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China’s ‘artificial sun’ is five-times hotter than the real thing

China’s ‘artificial sun’ is five-times hotter than the real thing
Researchers hope nuclear fusion device could provide near-limitless clean energy

A nuclear fusion reactor in 中国 has set a new record for sustained high temperatures after running five-times hotter than the Sun for more than 17 分钟, according to state media.

The Experimental Advanced Superconducting Tokamak (EAST), known as an “artificial sun”, reached temperatures of 70 million degrees Celsius during the experiments, Xinhua News Agency reported.

The ultimate aim of developing the artificial sun device is to deliver near-limitless clean energy by mimicking the natural reactions occurring within stars.

“The recent operation lays a solid scientific and experimental foundation towards the running of a fusion reactor,” Gong Xianzu, a researcher at the Institute of Plasma Physics of the Chinese Academy of Sciences who led the latest experiment, told Xinhua.

The EAST project, which has already cost China more than £700 billion, will run the experiment until June.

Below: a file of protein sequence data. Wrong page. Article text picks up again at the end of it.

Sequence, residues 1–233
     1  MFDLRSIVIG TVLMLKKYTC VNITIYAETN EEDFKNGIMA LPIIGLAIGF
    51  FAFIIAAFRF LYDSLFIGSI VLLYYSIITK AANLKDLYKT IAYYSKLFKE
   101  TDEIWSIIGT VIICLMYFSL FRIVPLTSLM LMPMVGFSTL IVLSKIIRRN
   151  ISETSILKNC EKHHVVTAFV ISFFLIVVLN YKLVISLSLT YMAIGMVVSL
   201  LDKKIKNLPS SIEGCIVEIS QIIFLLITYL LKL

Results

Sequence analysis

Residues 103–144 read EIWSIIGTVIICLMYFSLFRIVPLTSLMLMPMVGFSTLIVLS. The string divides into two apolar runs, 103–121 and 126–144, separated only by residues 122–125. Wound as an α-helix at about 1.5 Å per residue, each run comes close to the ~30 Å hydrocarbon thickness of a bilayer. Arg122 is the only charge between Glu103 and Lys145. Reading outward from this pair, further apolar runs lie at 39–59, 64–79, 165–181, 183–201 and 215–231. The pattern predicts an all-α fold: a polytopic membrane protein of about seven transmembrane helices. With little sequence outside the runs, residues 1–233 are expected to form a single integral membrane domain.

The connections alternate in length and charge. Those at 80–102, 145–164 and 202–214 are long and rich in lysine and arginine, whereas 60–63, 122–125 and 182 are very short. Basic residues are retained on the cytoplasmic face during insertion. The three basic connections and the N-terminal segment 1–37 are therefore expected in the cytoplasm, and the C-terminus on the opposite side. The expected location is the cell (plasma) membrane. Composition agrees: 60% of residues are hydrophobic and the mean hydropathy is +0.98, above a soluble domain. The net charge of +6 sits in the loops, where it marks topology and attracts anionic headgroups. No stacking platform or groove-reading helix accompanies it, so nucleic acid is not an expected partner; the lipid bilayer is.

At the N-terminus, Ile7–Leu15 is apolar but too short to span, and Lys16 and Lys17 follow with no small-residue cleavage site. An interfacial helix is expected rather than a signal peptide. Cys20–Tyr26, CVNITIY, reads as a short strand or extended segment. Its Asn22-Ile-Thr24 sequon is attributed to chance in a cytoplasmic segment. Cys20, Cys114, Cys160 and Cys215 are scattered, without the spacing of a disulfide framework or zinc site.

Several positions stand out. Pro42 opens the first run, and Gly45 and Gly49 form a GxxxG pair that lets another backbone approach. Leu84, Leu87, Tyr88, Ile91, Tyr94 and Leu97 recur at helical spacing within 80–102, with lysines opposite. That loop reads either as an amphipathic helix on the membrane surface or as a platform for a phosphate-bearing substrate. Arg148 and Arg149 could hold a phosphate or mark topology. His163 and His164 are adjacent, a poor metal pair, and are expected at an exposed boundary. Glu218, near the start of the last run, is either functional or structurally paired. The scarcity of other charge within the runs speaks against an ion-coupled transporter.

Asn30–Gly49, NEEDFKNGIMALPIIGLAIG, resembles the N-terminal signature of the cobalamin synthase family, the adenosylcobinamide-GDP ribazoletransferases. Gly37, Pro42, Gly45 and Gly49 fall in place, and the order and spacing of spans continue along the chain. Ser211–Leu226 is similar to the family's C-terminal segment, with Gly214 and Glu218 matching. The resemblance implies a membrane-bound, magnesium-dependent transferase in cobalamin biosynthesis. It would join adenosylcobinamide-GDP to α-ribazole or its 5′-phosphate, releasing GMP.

Nuclear fusion has been touted as the holy grail of clean energy production, however it remains a long way off from being realised outside of a lab despite decades of research into the technology.

Replicating the physics of the actual sun, nuclear fusion reactors merge atomic nuclei in order to generate massive amounts of energy that can be turned into electricity.

The process requires no fossil fuels and leaves behind no hazardous waste materials, unlike the nuclear fission process that powers commercial nuclear energy production. Physicists also claim that there is also far less risk of an environmental disaster.

The HL-2M tokamak is one of three ‘artificial suns’ being developed in China

China’s reactor team will also provide technical support to another nuclear fusion reactor megaproject currently being constructed in Marseille, 法国.

The International Thermonuclear Experimental Reactor (ITER) will be the world’s largest reactor once completed.

The UK is also planning to build a nuclear fusion power station as part of a “green industrial revolution”, with a shortlist of five locations for the site announced last month.

The Spherical Tokamak for Energy Production (STEP) project aims to produce a concept design by 2024 and deliver power to people’s homes at some point in the 2040s.